This synthesis of ASPE-funded leaver studies begins by discussing differences in the policies states have pursued, their economic climate, and the demographic characteristics of their welfare populations. It then discusses the findings from the leaver studies focusing on:
(1)the employment and earnings of leavers;
(2)leavers program participation;
(4)the material hardships leavers face; and
(5)issues relating to child well-being for leavers.
Many studies report administrative data findings from multiple cohorts of welfare leavers. Where this is the case, the focus is on the most recent cohort, especially when there are comparable survey data available for that cohort (5).
The general approach to this synthesis is to focus on the most comparable elements of the leaver studies. Data are summarized in figures which appear within the chapters; more detailed information is presented in tables which appear at the end of the chapter. Whenever possible, findings are presented for single-parent leavers. In addition to using data from published reports, the synthesis also uses public use data files from several sites (6). These public use data can be used to examine key outcomes for special subgroups of leavers that may not have been presented in published reports and to insure that these sub-groups are roughly comparable across sites. Examples of sub-groups analyzed in this synthesis include families that remain off welfare (continuous leavers) as well as leavers who are not working . Finally, several studies report findings for these and other sub-groups in their published reports. This enables us to examine a limited number of outcomes by race and ethnicity as well as for voluntary and "involuntary leavers"families that reached time limits or were sanctioned off welfare.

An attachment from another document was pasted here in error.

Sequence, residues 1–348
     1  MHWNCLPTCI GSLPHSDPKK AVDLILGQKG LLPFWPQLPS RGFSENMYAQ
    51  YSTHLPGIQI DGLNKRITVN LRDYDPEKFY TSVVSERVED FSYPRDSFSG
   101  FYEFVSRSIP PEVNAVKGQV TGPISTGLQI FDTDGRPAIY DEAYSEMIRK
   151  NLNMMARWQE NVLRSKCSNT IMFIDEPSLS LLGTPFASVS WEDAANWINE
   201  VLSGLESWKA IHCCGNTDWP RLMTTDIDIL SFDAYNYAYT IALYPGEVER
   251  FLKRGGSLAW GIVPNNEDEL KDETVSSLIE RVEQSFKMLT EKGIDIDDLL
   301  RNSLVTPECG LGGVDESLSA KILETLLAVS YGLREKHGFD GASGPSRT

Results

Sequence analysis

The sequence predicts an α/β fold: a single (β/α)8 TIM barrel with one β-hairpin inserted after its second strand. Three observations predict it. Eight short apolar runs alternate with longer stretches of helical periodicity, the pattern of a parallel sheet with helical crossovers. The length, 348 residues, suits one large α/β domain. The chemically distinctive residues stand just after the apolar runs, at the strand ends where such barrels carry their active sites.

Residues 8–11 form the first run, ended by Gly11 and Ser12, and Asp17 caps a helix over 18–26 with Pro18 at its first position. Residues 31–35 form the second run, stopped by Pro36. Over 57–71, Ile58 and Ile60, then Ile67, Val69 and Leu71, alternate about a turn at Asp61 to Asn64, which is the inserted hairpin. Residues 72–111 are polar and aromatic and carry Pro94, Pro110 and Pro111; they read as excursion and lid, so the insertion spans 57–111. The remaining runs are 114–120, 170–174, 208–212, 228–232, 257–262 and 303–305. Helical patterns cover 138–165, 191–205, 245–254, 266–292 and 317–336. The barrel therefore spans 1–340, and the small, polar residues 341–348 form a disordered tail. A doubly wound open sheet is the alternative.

1.Many of these studies are reviewed in Brauner and Loprest (1999), GAO (1999), Acs and Loprest (2000), Isaacs and Lyon (2000), and DHHS/ASPE (2000).
2.Florida's survey had a response rate of 23 percent. Thus, its survey findings were not included in this final synthesis.
3.To assess the representativeness of their survey findings, most ASPE-funded leaver studies perform "non-response" analyses.
4.Arizona uses a one month requirement throughout its study but presents supplementary findings using a two month definition. In this synthesis report, we focus on the two month findings from Arizona for comparability. DC requires a leaver to remain off welfare one full calendar month.
5.Interestingly, we find few differences in outcomes across early and late cohorts within the same study area.
6. The synthesis uses public use administrative and survey data files from Arizona, DC and Iowa, and survey data from Massachusetts and Washington.